Sunday, March 04, 2012

Blackin' Up At The Oscars

One of my pet peeves is comedians complaining about how restricted they are by political correctness. I just find the evidence of this unpersuasive. And my feelings seem to be validated by what happened at the Oscars last Sunday, and what hasn't happened in the week since: Billy Crystal appeared on national TV in blackface, and it doesn't seem like a particularly big deal. For that matter, a white man (well, he's half-Latino, but I don't think that really makes much of a difference) has been portraying both the first black president and the black governor of New York on Saturday Night Live for several years, and nobody seems to care much. Oh sure, some people object, but it doesn't seem to rise to a level of having a negative effect on either of their careers. In the decade since ABC fired Bill Maher, only two comics have come under serious fire for anything that could be called "political incorrectness," one for standing on stage in a comedy club and calling a black audience member a nigger while screaming about lynching him at the top of his lungs, the other for saying that if his son was gay, he'd stab him in the head. That's a pretty extreme standard to set for political correctness, and it's worth noting that, despite the uproar, Tracy Morgan's career doesn't seem to have suffered much from the incident, and Michael Richards didn't really have a career going on at the time anyway. (From what I understand, Morgan's joke was in the context of playing an explicitly ignorant character, and I kinda think Richards may have been trying to do something similar but just failed to pull it off.) And those were comics in the public eye. I spend a lot of time in comedy clubs, and most nights you'll hear a LOT of jokes based on stereotypes of race, gender and orientation from comics nobody could give a shit about. So no, I don't think there's a particularly pernicious code of political correctness in the comedy world. Other fields, maybe, but comedy? No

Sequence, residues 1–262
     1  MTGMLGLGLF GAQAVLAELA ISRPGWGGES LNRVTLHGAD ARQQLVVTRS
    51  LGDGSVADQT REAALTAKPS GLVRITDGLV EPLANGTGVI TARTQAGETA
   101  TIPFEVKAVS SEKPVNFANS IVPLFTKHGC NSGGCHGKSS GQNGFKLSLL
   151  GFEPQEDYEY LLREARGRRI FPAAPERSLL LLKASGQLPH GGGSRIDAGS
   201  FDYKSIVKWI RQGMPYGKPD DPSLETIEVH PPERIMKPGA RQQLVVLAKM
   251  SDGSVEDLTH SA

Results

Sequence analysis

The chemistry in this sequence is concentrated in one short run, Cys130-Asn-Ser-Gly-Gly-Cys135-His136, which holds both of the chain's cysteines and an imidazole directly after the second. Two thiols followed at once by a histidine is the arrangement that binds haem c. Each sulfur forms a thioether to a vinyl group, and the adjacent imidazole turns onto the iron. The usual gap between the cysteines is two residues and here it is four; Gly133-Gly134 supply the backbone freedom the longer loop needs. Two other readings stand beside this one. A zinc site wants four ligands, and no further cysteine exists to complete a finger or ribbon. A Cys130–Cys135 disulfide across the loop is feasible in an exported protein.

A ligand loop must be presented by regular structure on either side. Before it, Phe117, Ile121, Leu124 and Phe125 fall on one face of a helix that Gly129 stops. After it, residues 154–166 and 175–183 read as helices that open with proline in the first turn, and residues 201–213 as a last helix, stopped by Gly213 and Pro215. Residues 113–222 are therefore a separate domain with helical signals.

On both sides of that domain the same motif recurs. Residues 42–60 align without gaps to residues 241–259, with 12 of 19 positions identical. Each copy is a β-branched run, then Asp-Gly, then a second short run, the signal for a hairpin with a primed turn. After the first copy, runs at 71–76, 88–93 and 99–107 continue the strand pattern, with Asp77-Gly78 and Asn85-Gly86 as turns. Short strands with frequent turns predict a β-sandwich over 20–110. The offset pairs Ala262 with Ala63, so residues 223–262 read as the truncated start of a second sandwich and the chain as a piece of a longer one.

Not that Crystal isn't being criticized. Just not enough to have any significant impact on his career. Kendra James wrote a very on-point post about the incident on the Racialicious blog, for instance. I especially like this comparison: "Blackface on national television? Yes, fine. A brown woman gives middle finger at the Superbowl a month earlier? Dear God in heaven, the horror. No one appears to be forcing Crystal to give the apology MIA was pushed into." I absolutely agree that the MIA incident was nothing but bullshit, whereas the Billy Crystal actually is something worth discussing. I'm not sure the fact that MIA's a brown woman has anything to do with it--people would likely be just as angry if Kid Rock or Eminem (just two white guys that come to mind as people who would be likely to raise a middle finger on TV) had done it. But then she kind of loses me with this: "We all know blackface is offensive. I’m sure the show’s producers know blackface is offensive. The response should be simple: Just don’t do it." I don't know. I just naturally recoil at any kind of attempt to beat nuance out of a conversation, and that's exactly what's happening here. It's really not as simple as "don't do it."

I'm not a particular fan of Billy Crystal, so it's strange that I'm going to defend him, but I always feel like discussions of this kind of stuff always fall into this polarized criticism, with people on either side taking positions that don't allow for any nuance, and I think the subject warrants more discussion. So, OK, blackface in the classical incarnation is offensive. Ugh, I hate that word, "offensive," but let's go with it for now. The question is, why is it offensive? After all, caricature is the language of comedy. It's not offensive for a comedic actor to alter their appearance to more closely resemble a famous figure, or to become a character of a different gender, weight or age. Is race any different? Of course it is, given America's history. But is becoming a character of a different race inherently offensive?